Taking Risks to Break New Ground in Botswana
I was born with an entrepreneurial spirit.
It all began when I started plaiting the hair of women in my community as a girl, including teachers at my school for a small fee. I would take the income home to help my family.
I grew up in Botswana, in a small old town with my parents and six siblings. In my society, teaching and nursing are common careers for educated women. As girls, we aspired to follow these professions. I completed high school with the enthusiasm of challenging the status quo and entering new professions such as law. Unfortunately, my peers and I had no career guidance or mentors. I didn’t go to law school, despite strong grades, and took other university courses.
After helping to organise successful events for others, I saw a need to start a company focusing on women’s professional and entrepreneurial development. My business, 360 Events Affair, aims to provide support, training, networking and learning opportunities for women in traditionally male-dominated fields. I did a year’s worth of research on my concept while working full time, using my salary to help register and launch my business.
Getting started was not easy, especially professionalising my operations and finding sponsors. This is a common challenge for many Botswana women. When we share our dreams with friends and relatives, we brace ourselves for criticism. People say, “95% of all businesses fail in Botswana,” “I do not think that’s a good move in this economy and our culture” and “Aren’t you worried about wrecking your life?” Women in Botswana face discouragement, and often have no support or mentoring.
Mentorship is critical to help women nurture their initiatives. At a networking evening, I met Allison and Giulia of the Cherie Blair Foundation for Women, and soon after, I joined the Mentoring Women in Business Programme. I needed business and financial planning support, as well as help navigating the stressful start-up process. I was matched with Cherie Arruda, a Bank of America credit and banking executive from the US.
Cherie and I set out an action plan and communicated regularly over email and Skype. Cherie’s input helped me to focus and structure my vision. We created a budget and set up cash flow. We discussed how to prepare a business plan, write proposals, advertise and negotiate sponsorship deals.
After finishing my year with Cherie, I opted to stay on for a second year and was matched with Jenny Garrett, an executive coach and trainer from the UK who has helped me continue to develop my enterprise. Through the programme’s global platform, I have connected with other mentees from Kenya, Malaysia and South Africa doing similar work.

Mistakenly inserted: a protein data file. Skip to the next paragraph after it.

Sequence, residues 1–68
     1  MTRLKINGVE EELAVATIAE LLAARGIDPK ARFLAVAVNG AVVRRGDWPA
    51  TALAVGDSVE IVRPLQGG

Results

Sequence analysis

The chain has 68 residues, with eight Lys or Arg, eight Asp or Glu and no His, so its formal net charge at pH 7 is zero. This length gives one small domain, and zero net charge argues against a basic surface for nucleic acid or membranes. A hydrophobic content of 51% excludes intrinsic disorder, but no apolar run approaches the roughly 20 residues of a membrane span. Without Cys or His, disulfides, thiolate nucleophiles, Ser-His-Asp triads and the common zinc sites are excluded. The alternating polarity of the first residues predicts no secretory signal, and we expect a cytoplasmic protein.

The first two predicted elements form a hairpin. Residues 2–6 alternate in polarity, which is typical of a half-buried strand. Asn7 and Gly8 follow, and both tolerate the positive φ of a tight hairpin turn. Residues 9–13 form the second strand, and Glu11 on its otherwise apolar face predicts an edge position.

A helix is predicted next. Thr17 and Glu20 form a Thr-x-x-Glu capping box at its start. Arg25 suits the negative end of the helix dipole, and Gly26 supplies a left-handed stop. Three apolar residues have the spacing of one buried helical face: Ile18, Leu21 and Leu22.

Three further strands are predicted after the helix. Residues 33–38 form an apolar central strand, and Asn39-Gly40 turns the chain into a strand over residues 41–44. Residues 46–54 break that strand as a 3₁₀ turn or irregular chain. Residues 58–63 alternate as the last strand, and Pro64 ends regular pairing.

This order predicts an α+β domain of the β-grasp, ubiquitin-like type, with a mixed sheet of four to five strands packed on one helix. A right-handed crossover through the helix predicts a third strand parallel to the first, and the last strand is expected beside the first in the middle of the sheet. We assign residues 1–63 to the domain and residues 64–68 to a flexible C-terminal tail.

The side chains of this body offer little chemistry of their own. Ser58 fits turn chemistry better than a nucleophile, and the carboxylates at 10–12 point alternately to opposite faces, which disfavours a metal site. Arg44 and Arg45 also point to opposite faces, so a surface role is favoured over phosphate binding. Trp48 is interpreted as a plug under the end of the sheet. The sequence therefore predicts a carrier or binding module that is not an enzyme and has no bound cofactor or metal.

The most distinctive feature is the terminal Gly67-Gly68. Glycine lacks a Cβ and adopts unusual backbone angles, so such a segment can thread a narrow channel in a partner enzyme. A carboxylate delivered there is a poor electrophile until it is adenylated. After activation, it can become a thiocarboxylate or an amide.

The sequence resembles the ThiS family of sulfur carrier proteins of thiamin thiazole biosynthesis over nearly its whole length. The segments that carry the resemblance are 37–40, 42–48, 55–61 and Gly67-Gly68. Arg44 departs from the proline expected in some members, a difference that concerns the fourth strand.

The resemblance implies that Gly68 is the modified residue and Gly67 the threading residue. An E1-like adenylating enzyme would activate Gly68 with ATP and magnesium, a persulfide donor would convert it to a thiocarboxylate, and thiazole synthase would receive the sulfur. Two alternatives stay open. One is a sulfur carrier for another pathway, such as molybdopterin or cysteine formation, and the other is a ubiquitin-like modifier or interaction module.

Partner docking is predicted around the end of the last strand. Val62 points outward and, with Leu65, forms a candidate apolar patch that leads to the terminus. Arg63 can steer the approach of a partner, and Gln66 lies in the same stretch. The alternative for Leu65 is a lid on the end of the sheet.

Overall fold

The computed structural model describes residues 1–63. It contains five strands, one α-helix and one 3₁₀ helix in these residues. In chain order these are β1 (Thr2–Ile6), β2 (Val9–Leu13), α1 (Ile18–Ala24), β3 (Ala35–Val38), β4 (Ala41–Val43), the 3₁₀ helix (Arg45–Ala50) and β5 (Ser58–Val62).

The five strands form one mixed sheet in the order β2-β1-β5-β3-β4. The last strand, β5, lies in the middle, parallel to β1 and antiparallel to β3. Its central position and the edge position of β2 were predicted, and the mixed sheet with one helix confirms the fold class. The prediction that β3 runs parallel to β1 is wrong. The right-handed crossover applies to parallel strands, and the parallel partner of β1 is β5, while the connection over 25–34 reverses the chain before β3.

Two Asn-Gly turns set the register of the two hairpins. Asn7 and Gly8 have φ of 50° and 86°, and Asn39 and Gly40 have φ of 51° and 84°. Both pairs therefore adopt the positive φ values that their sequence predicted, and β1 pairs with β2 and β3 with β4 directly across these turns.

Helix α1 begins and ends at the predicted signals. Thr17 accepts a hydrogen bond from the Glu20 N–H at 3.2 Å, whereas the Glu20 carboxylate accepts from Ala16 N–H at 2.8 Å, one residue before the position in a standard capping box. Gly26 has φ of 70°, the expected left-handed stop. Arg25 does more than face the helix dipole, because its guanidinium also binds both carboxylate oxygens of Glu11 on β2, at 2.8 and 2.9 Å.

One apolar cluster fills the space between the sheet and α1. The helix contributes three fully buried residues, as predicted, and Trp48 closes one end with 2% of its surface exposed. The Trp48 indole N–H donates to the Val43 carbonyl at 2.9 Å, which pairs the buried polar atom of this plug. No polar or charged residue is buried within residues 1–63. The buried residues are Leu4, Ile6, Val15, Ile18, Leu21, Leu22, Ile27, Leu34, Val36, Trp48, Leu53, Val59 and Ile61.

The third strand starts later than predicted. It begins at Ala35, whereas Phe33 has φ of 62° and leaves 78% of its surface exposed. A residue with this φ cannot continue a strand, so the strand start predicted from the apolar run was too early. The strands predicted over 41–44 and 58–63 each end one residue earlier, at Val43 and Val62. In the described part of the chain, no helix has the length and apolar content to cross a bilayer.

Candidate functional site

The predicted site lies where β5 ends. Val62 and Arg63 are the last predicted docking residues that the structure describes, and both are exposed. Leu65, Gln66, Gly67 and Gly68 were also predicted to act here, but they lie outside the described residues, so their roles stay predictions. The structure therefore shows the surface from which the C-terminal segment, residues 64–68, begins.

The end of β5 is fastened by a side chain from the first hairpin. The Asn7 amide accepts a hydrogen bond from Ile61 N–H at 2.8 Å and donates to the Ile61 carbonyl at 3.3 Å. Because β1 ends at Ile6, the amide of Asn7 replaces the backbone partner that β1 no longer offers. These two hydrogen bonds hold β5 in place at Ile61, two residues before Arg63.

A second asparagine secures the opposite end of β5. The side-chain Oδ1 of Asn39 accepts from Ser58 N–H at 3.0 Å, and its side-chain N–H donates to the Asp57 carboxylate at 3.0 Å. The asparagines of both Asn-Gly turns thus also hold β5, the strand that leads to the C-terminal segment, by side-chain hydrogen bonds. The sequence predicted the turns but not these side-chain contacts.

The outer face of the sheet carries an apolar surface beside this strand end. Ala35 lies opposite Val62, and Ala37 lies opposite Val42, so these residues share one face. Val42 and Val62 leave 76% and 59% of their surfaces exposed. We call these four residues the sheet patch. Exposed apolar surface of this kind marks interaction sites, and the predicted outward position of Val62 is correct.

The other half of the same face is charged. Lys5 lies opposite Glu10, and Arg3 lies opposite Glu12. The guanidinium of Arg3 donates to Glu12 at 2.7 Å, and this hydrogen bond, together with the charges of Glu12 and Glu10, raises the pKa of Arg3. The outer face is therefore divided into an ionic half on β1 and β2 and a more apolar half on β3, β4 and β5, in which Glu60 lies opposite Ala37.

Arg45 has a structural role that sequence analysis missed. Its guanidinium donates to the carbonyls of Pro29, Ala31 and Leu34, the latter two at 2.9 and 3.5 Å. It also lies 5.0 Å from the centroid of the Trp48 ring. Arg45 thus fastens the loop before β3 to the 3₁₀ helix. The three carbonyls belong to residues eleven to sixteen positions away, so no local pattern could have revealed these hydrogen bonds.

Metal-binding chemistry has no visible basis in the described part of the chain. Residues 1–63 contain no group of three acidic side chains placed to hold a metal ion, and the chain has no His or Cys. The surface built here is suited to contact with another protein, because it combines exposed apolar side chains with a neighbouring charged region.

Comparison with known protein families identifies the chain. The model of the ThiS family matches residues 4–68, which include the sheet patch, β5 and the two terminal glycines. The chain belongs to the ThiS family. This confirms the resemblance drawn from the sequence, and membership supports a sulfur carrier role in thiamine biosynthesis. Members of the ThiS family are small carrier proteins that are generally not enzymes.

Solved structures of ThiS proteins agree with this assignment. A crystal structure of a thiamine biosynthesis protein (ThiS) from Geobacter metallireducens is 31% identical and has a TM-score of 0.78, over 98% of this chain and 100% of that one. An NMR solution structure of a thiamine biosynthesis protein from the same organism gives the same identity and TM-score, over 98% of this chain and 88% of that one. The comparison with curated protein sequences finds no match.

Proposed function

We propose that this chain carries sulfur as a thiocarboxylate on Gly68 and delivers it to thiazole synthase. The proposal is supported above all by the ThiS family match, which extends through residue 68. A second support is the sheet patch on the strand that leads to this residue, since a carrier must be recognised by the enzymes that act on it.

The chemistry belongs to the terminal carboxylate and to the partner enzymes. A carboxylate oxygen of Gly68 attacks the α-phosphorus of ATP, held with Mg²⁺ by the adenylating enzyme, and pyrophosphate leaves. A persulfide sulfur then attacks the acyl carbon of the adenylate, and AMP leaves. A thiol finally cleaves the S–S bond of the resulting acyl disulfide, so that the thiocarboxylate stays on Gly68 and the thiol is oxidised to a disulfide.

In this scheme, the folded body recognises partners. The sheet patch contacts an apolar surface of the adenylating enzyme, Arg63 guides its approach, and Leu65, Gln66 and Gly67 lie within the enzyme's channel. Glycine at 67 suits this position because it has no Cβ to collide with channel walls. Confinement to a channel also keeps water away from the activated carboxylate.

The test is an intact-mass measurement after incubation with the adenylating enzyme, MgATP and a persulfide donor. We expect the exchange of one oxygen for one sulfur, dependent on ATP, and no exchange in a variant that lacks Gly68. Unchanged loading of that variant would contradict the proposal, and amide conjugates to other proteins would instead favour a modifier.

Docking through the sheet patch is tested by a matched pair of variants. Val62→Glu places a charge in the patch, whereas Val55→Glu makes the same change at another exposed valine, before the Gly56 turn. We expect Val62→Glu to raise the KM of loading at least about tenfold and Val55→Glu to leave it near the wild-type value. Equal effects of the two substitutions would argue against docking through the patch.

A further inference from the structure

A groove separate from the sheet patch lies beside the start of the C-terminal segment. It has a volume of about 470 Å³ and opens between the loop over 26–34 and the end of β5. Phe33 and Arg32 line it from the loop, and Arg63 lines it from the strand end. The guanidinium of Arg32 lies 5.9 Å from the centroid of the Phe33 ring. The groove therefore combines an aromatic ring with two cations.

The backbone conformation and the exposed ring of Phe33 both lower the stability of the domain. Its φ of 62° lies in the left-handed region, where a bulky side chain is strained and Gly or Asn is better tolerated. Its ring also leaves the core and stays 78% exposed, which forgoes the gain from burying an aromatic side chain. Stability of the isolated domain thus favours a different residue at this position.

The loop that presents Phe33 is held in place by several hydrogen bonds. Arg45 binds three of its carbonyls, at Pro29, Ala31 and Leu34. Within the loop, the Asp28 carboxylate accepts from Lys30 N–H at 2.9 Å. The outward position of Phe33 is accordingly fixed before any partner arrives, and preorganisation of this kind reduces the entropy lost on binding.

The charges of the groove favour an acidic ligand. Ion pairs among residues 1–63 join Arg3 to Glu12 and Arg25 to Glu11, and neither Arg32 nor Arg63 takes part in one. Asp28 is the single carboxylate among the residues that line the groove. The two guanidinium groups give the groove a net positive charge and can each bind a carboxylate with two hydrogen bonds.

I am now working full time on my business. I closed a deal with a newspaper to sponsor advertising for my events. I have hosted more events and increased my visibility on social media. I launched a social corporate initiative called She-Transformed, which aims to curb barriers for young women entering business, especially from rural areas. My business has been able to break even for the first time and I have support to help me continue to build the business, even when times get tough. Women who attend my events tell me that they feel rejuvenated, inspired to share with other entrepreneurs seeking solutions. One said, “Onty is phenomenal at what she does – helping women create unshakable businesses and unleash their potential that could last a lifetime. She has transformed me when I thought things had fallen apart.”
I consider this positive progress on my business dream of offering business networking events to women across Botswana and connecting them to the outside world. I want to help young women develop strong self-esteem so that they make informed decisions and define their own success, thus inspiring others.
I advise women that the only way to break new ground is by taking a risk, being a shameless dreamer and opening up to new experiences. Sustain a constant curiosity about life, converse with other successful women and know that you do not meet business challenges alone. Give critical thought on your business ideas and conduct detailed research to know what works. Seeking out mentorship has shaped the success of my business.
Onty is part of the Cherie Blair Foundation for Women Mentoring Programme, made possible by supporters such as Bank of America. Find out more at cherieblairfoundation.org/mentoring.